Bruce Soutar wrote: Pete – eye think this is a compliment – from Rooooth Garland: Please tell Piet I LOVE his stories and want to see more . . . He makes me smile, even though he’s a drunkard and no good at flying. Does he have a blogspot I can sign up for? XxPS: Sakumuzi is a huge Twinstreams fan . . . Lovely man. Ruth Garland – Sydney Australia
Ruth’s Dad was the legendary Ian Garland, whose exploits at Twinstreams in Zululand did heaps to save, propagate and teach about indigenous plants. Ruth’s exploits at Mbona in a low-flying kombi were a different chapter, which also did heaps to save and teach, but not propagate.
khehlas and gogos – Old men and Old ladies
gugile – ancient, as in buggered; decrepit; you know; don’t pretend you don’t know
voëls – birds
nkuku – chicken
shisanyama – red meat on red hot coals restaurant; not teetotal joints; licenced to sell alcohol, ‘Which’ – as famous birder Ian Sinclair said with a grin – ‘I’m licenced to drink’
My Bird List in Nkandla Forest:Lemon Dove; Dusky Flycatcher; Blue-Mantled Flycatcher;Knysna Turaco; Red-eyed Dove; Redbilled Wood-Hoopoe; Greater Double-collared Sunbird; Grey Cuckoo Shrike; Rameron Pigeon; Black-headed Oriole; Cape Batis; Black Saw-wing; HEARD: Dark-backed Weaver; Emerald Cuckoo; Chinspot Batis;
My Bird List in Entumeni Forest:Narina Trogon; Cape Batis; Olive Sunbird; Terrestrial Brownbul
My Bird list St Lucia and in St Lucia coastal forest: Woodwards Batis; Rudd’s Apalis; Yellow-bellied Greenbul; Green Malkoha – LIFER in South Africa for me – full sunlight saturation view; Grey Sunbird; Livingstone’s Turaco; Burchell’s Coucal; Whimbrel; Osprey; Grey Heron; Fish Eagle; Spoonbill; Yellow Weaver; Green Pigeon; Speckled Mousebird; Swift Tern; Black-winged Stilt; Avocet; YB Stork; Pink-backed Pelican; Little Tern; Three-banded Plover; Blue-cheeked Bee-eater;Lemon Dove – saturation close-up; Crested Guineafowl; Pied Wagtail; Cape Wagtail; Goliath Heron; Great White Egret; Little Egret; Thickbilled Weaver; White-breasted Cormorant; Palm Swift; Brown-throated Martin; Black or Common Swift; Chorister Robin-chat; Crowned Hornbill;
My Bird list in Ngoye Forest:Green Barbet – LIFER for me (yes, I know, Aitch); Yellow-streaked Greenbul; Tambourine Dove; Delegorgue’s Pigeon; Crowned Hornbill; Olive Woodpecker; GT Woodpecker; Orange-breasted Bush Shrike; Mountain Wagtail; Red-eyed Dove; Hadeda Ibis; Narina Trogon; HEARD: Wood Owl; Diederik Cuckoo;
Other creatures on the trip: Samango monkey; Red Squirrel; Thick-tailed Bushbaby (heard at night); Rainbow Skink; Banded Forester Butterfly;
We once had a robbery. In 2005 at 10 Windsor Avenue.
We got home to find the place ransacked. Waddaya mean “How did we know?” – when Aitch was there we were fairly tidy!
Turns out Aitch’s jewellery (including her sapphire & diamond engagement ring) was missing, which was no biggie – she didn’t even replace much once the insurance paid us. AND her Zeiss binocs! Now this was a bigger deal! She loved her binoculars and used them A LOT.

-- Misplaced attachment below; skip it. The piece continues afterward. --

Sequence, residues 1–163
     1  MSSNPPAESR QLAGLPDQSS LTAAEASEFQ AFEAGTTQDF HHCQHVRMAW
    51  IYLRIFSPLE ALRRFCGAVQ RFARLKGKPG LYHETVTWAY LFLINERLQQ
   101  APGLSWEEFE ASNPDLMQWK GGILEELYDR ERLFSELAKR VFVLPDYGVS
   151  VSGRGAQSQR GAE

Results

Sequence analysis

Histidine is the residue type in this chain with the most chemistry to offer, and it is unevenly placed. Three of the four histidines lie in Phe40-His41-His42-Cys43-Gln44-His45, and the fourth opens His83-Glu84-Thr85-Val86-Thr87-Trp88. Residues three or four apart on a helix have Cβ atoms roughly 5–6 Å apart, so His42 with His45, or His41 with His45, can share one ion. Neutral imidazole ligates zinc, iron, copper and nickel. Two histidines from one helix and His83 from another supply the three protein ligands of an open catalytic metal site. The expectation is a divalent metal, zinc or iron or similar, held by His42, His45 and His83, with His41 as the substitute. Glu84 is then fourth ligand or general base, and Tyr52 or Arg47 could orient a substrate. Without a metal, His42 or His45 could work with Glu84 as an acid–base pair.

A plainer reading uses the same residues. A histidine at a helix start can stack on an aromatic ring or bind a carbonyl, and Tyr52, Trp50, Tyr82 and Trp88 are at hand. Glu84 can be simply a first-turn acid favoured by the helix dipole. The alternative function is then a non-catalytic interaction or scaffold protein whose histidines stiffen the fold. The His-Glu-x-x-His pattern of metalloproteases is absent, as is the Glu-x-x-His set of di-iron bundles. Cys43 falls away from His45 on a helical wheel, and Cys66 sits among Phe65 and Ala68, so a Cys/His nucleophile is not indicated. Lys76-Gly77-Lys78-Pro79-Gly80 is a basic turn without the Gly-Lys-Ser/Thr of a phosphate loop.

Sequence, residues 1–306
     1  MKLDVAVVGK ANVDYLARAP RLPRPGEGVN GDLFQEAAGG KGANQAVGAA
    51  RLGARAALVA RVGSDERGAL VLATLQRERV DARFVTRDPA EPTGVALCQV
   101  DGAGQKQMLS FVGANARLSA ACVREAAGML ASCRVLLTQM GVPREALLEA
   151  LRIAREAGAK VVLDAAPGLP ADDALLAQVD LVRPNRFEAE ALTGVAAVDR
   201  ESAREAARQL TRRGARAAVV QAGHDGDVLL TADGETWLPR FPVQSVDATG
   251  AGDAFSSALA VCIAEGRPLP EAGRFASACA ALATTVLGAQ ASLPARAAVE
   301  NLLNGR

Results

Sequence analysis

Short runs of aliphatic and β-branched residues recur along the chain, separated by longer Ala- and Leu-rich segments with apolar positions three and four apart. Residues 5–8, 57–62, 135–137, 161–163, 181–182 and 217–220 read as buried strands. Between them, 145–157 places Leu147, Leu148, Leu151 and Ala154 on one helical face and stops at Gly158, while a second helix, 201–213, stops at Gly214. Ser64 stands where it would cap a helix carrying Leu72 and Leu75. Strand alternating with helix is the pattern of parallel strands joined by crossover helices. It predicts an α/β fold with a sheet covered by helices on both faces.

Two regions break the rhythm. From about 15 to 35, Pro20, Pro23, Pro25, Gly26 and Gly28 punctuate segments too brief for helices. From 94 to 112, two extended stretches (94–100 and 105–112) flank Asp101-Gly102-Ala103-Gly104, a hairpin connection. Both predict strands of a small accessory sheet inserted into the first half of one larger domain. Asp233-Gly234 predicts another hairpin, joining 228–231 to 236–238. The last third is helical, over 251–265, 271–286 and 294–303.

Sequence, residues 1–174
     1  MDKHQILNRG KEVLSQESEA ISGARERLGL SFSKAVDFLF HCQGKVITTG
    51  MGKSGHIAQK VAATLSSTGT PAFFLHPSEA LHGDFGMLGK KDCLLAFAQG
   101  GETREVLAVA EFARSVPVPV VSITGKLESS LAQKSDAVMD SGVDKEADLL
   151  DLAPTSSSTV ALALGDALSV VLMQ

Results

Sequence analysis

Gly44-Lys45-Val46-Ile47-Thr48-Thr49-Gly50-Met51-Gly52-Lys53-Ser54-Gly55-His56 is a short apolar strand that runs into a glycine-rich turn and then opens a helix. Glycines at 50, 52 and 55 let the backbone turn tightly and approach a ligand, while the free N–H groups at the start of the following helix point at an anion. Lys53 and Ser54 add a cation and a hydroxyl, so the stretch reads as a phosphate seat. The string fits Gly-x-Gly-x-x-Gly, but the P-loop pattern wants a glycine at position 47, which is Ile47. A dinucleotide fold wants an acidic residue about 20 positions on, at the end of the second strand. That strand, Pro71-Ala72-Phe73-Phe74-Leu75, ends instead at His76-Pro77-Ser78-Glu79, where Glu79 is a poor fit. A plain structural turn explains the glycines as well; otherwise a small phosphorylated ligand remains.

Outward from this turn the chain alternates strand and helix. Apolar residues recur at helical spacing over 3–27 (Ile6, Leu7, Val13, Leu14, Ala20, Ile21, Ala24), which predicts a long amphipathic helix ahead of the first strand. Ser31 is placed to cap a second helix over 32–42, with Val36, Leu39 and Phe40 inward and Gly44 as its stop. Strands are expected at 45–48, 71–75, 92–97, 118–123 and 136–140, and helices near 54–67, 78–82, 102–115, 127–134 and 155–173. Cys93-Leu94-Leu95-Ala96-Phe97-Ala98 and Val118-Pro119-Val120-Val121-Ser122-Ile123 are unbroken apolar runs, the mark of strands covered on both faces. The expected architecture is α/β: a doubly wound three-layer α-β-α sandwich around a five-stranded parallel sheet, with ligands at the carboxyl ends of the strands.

Years earlier at 7 River Drive she had decided they had been stolen and I said “No, we’ve just mislaid them”. After a long time I had to concede: “OK, they probably are gone, but we may have lost them.” I hate saying “stolen” unless I really know that!
Well, they turned up about two years after they first went missing – in the back of our socks shelf!! ** blush ** . . .
But this time they really were gone and SO:
She got a brand new pair of Zeiss Victory FL T* 8X32 ‘s!!
Mine are 10X40’s – lovely, but a generation older. Lens coatings not as good and not nitrogen-filled and sealed to the outside world like Aitch’s new ones are. They have a story of their own:
I bought them around 1984 for R1800 having refused to pay R750 a year before as that was outrageously expensive! I loved them and they did me proud, but in 1997 I decided reluctantly to have them serviced by Zeiss. The rubber covering was loose and the eyecups were tight. The optics weren’t as sharp as new either. I was very reluctant to give them to Zeiss as they were a bunch of incompetent beer drinkers in my view. They were useless in their service to optometry, the other labs beat them hands down on service and quality. So I decided what I’d do is personally go to the head office in Johannesburg (JHB) and hand them to the MD and go with him to the technician who would be in charge. I forget the MD’s name, maybe Winnefeld? The technician was Thomas Provini. We arranged they would be given back to the MD who would phone me and on my next trip to JHB I would collect them personally. DO NOT POST THEM, I instructed / pleaded. I trusted the post office as much as I trusted Zeiss!
They sent me a quote by ‘telefax’ – Two new cups R120; Dismantling and cleaning, repair focusing system, glueing rubber protection onto it, cleaning of all lenses and final inspection R558. Total R678. Not small money those days, but the price of the binocs had kept going up as the Rand weakened, so I said yes please.
I forget how long they were meant to take, but when that time had gone past and gone longer and no word from Zeiss, I phoned the MD. My binocs ready yet? What? Didn’t have a clue. Bad sign. I reminded him of everything we had agreed on and he said Ja Ja he would get back to me. He didn’t. I phoned again. He still didn’t know. I started jumping up and down, cursing the day I had handed them in. I should have trusted my instincts and never gone near them! Then a lady phoned – a Mrs Adams, I think. The MD chickened out of doing the phoning himself, the rat fink.
‘We posted them to Port Elizabeth.’ WHAT!? Why? ‘Oh, we thought you were from Port Elizabeth.’ NO! My arrangement was Do NOT Post Them. Let me speak to your damn fool MD. He was unavailable and remained unavailable till I flew to JHB and confronted him. ‘Oh, but we thought you were in PE!’ ‘And anyway,’ he blustered, ‘Someone signed for them, so we have done our part.’ Can you EFFING believe it?
The stupid incompetent beer-swilling bastard had lost my precious binocs and was trying to dodge responsibility! Eventually I had to pay R1850 and got a new pair. SONS OF BITCHES!!
I still have that 1997 pair, but I use mainly Aitch’s newer 8X32’s.
No doubt about it, as we used to joke as students, Zeiss ist Scheiss!! We didn’t know it then, but it was true.